My name Vlad, and I still like to make things in 2022, as in GNU Make. 🙃

On my side project, I’ve made a monitoring system based largely on tail, grep, jq, and ssmtp, all weaved together into a UNIX pipeline and packaged as a make task. It’s started from the crontab as system boot, and sends me an email every time a notable event is recorded to the log.

Here is the pipeline:

tail -n0 --follow=name --retry logs/feedsubscription/{app,api}.log |
grep --line-buffered -E \
        -e '"severity":"(error|warning)"' \
        -e '"message":"Sending report"' \
while read -r _skip_timestamp _skip_namespace _skip_app json; do
        echo "Subject: RES App $(jq -r .severity <<<"$json")"
        echo "From:"
        jq . <<<"$json"
    ) |
    if [ -t 1 ]; then cat; else ssmtp; fi;

Here are the interesting bits:

  1. Starts with tailing the appropriate logs. I use -n0 to only look at the new lines as they are added, skip the existing ones. The --follow=name --retry is to allow tail to work smoothly with log rotation.

  2. I filter the lines with grep to only get the ones that interest me. I use --line-buffered to prevent block buffering: when grep delays the output until it collects a bunch of lines. The -E is to use some basic regexp magic. A few -e args to define the filter conditions, for example -e '"severity":"(error|warning)"' catches any error or warning (my logs are in JSON format). I add more as I need them.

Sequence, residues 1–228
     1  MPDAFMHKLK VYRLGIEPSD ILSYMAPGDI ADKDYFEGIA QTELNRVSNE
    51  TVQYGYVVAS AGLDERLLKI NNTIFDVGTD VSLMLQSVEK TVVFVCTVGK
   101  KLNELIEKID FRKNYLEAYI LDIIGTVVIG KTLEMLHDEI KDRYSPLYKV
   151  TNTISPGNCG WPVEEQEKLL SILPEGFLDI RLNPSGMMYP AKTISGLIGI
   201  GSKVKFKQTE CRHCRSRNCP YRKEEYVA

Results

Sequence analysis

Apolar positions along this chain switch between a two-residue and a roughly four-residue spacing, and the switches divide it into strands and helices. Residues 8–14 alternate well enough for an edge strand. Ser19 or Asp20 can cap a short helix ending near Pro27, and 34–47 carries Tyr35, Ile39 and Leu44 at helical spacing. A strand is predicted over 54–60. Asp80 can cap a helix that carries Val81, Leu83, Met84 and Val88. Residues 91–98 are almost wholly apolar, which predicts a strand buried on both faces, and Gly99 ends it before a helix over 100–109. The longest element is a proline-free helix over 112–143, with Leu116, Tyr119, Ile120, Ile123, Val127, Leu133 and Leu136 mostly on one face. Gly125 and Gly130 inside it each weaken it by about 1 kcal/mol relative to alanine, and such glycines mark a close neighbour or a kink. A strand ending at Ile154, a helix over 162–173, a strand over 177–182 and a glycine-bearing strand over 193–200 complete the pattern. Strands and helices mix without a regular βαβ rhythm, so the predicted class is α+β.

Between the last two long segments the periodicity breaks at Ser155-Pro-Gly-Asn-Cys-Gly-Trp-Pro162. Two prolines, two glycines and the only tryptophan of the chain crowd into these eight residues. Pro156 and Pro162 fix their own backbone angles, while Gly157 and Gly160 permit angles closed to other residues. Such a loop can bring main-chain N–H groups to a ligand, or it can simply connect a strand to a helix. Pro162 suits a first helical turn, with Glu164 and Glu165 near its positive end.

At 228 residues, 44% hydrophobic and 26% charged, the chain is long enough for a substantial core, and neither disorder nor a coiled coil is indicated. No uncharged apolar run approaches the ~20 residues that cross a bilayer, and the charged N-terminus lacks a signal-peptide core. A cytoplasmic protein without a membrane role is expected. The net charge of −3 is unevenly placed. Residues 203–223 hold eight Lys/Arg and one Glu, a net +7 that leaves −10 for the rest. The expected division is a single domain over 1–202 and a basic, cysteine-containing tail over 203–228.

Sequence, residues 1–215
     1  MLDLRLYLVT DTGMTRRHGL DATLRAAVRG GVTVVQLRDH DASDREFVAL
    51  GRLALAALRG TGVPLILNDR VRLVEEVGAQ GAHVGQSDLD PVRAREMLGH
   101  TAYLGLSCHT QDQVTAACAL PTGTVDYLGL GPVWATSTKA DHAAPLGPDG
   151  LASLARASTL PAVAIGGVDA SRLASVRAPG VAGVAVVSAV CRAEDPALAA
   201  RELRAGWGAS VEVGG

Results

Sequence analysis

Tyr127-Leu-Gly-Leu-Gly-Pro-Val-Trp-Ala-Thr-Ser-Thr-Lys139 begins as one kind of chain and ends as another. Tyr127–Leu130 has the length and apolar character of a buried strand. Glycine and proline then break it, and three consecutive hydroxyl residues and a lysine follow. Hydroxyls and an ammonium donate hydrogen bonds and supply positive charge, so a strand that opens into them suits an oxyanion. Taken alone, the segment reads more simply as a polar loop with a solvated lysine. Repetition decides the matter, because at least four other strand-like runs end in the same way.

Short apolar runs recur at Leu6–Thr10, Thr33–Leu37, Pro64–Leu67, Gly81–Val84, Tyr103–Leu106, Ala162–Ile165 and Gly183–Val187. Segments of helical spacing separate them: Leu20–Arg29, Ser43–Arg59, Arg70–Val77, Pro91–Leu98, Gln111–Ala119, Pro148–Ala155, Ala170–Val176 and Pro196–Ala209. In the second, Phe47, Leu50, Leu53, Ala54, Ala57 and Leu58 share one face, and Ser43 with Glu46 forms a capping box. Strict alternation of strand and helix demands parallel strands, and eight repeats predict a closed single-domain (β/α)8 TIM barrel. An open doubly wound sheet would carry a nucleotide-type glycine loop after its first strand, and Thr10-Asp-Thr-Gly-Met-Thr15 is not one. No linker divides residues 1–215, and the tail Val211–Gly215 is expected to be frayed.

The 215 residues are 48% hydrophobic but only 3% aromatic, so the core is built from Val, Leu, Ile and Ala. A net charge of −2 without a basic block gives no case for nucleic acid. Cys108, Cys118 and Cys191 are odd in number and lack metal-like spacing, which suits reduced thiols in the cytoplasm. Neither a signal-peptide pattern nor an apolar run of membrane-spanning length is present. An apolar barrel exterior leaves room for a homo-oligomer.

3. I collect the logs from all of the system’s containers to a syslog syslog-ng container, and so I end up with some additional meta-data fields for every line. This is why I use read to split the line into fields, and only look at the actual JSON log message. The -r flag is to prevent read from interpreting backslashes in the JSON string as shell escapes. I throw away the meta-data fields because I don’t need them here: _skip_timestamp _skip_namespace _skip_app.

  4. I then use jq to extract some bits from the JSON log line, and build an email. For example, I extract the severity field and put it in the email subject, and jus dump the entire JSON line, prettified with jq, into the email body. Here is an example:

       "severity": "info",
       "message": "Sending report",
       "data": {
         "module": "email-sending",
         "feedId": "dexonline",
         "report": {
           "sentExpected": 3,
           "sent": 3,
           "failed": 0
  5. The lil if at the end is to help me with debugging: when I run the pipeline manually from the command line, just print the email to console with cat instead of sending it out with ssmtp.

Happy making and shell pipelining! 🙂